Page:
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Eurozone set for showdown meeting after Germany rejects Greece request to extend financial assistance

The Greek government yesterday officially submitted its request to extend its current financial assistance agreement with the Eurozone – the Master Financial Assistance Facility Agreement (MFAFA). The letter from Greek Finance Minister Yanis Varoufakis to the Eurogroup seemed to accept that such an extension was tied to the current reform programme, though it also requested negotiations over fiscal targets and longer term debt relief.

However, the request was swiftly rejected out of hand by the German Finance Ministry, with spokesman Martin Jäger saying, “The letter from Athens is not a substantial proposal for a solution. Realistically, it aims for a bridge programme, without fulfilling the conditions of the Programme. The letter does not fulfil the criterion agreed in the Eurogroup on Monday.” Officials from the euro working group gathered last night and leaked documents suggest that German officials labelled the Greek request a “Trojan horse”. The officials added that it leaves “immense room for interpretation”, specifically because it does not clearly commit Greece to completing the current programme, falls short of stopping unilateral action and does not make clear how Greece will fund itself over the coming weeks. A spokesman for Belgian Finance Minister Johan Van Overtveldt said, “At first reading it appears that the concerns of the Eurogroup have not been addressed” in the Greek request.

Following the rejection Greek Prime Minister Alexis Tsipras held a call with German Chancellor Angela Merkel, which officials described as “constructive”, and also with French President François Hollande. Eurozone finance ministers will meet in Brussels later today to try to finalise an agreement. Varoufakis has said the group has to make a simple choice, yes or no to the Greek request. Meanwhile, a high ranking Syriza MP told DPA that if today’s Eurogroup meeting fails, Greece will immediately call for a European Council summit.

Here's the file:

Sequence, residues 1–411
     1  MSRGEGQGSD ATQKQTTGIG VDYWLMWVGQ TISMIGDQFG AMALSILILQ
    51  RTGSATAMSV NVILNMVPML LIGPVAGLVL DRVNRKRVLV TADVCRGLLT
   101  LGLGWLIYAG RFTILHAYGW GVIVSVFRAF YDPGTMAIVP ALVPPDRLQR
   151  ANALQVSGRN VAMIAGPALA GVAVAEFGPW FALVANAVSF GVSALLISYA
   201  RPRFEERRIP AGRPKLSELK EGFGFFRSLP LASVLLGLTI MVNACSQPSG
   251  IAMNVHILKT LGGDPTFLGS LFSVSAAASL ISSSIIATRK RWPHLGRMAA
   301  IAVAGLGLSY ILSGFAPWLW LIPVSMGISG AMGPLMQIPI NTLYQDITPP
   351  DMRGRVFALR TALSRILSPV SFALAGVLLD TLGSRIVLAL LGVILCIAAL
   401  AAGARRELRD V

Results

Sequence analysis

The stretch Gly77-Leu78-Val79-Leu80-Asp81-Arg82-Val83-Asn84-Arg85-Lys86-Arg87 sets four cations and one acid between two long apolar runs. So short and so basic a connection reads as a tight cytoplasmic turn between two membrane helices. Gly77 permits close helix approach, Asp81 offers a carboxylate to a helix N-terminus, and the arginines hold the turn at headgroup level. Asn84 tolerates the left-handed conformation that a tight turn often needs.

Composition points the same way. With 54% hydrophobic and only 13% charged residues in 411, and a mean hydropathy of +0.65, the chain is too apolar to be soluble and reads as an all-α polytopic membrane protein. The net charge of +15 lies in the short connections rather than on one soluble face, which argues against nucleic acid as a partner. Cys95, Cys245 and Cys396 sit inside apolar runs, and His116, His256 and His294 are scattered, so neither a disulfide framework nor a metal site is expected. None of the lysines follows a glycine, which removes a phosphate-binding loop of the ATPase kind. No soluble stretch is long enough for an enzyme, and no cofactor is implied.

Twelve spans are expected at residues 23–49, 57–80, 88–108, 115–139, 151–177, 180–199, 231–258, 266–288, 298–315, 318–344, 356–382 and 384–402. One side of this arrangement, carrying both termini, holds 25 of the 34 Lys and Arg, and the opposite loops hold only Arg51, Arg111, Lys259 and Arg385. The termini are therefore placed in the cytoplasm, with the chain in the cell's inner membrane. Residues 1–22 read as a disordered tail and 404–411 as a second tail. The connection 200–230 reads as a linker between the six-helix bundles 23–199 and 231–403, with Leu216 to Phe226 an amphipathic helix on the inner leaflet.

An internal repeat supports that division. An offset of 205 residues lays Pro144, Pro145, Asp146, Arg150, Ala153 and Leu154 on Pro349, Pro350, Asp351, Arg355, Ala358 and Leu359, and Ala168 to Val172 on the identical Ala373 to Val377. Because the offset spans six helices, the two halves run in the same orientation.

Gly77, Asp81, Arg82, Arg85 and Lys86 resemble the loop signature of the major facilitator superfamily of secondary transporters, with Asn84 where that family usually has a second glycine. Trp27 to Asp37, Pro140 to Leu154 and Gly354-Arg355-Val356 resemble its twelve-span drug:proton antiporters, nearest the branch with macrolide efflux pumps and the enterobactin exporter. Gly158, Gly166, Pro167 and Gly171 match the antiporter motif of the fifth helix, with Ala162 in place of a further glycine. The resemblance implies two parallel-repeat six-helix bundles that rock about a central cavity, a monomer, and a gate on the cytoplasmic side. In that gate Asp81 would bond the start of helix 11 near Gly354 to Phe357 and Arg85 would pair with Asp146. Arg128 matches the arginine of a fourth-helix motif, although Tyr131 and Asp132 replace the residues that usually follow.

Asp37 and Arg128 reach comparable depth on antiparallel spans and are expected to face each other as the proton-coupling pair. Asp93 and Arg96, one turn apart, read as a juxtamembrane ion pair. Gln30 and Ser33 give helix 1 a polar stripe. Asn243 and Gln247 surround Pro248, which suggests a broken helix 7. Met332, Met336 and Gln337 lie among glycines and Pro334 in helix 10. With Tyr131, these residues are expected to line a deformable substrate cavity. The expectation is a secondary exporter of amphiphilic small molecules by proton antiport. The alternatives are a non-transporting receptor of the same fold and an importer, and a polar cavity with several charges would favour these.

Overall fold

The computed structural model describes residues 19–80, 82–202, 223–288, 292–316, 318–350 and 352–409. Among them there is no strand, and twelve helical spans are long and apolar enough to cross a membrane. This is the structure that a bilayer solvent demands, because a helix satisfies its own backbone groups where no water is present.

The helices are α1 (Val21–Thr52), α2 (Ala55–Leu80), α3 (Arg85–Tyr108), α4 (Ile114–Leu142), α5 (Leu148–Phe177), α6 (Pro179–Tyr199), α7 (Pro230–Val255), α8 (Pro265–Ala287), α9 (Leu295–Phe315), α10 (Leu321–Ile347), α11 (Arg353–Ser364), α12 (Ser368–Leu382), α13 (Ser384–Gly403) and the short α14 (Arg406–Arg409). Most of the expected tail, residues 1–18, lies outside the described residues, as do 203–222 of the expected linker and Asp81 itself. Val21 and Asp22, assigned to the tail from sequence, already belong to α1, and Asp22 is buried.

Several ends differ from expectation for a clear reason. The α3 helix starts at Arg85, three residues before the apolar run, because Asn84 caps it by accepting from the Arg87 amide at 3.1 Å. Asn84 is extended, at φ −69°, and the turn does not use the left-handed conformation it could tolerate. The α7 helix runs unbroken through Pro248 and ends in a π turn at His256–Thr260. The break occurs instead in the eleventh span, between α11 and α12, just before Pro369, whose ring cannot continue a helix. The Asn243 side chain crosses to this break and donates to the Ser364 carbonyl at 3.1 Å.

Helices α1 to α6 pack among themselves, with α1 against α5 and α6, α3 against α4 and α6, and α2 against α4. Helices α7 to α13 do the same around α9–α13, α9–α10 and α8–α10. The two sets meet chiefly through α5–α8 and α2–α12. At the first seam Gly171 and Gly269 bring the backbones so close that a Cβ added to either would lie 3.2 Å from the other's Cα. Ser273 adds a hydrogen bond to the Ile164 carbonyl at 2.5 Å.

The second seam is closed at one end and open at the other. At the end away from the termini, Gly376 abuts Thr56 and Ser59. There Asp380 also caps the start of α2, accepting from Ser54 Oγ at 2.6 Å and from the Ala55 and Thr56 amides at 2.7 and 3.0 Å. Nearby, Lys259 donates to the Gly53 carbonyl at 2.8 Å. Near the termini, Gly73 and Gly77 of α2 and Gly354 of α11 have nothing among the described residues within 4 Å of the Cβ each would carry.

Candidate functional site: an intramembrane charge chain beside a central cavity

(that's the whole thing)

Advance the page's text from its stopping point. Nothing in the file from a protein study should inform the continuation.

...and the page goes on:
Italian Prime Minister Matteo Renzi told public broadcaster RAI, “Italy is working like a zip between the most rigid, austere [Eurozone] countries and Greece… The Greek government can’t try to be clever and let the others pay. But a minimum of flexibility must be given when reforms are made.” Spanish Finance Minister Luis de Guindos told a conference yesterday, “[The Greeks] need us to pay pensions, to pay civil servants, doctors. Therefore, they perfectly know that they must reach an agreement with us.” Meanwhile, European Commission President Jean-Claude Juncker said the request was a “positive sign” while French Prime Minister Manuel Valls said it was “a very encouraging sign” that a deal can be struck quickly. Finnish Finance Minister Antti Rinne said, “Last night, a spark of hope arose that an understanding could be reached.”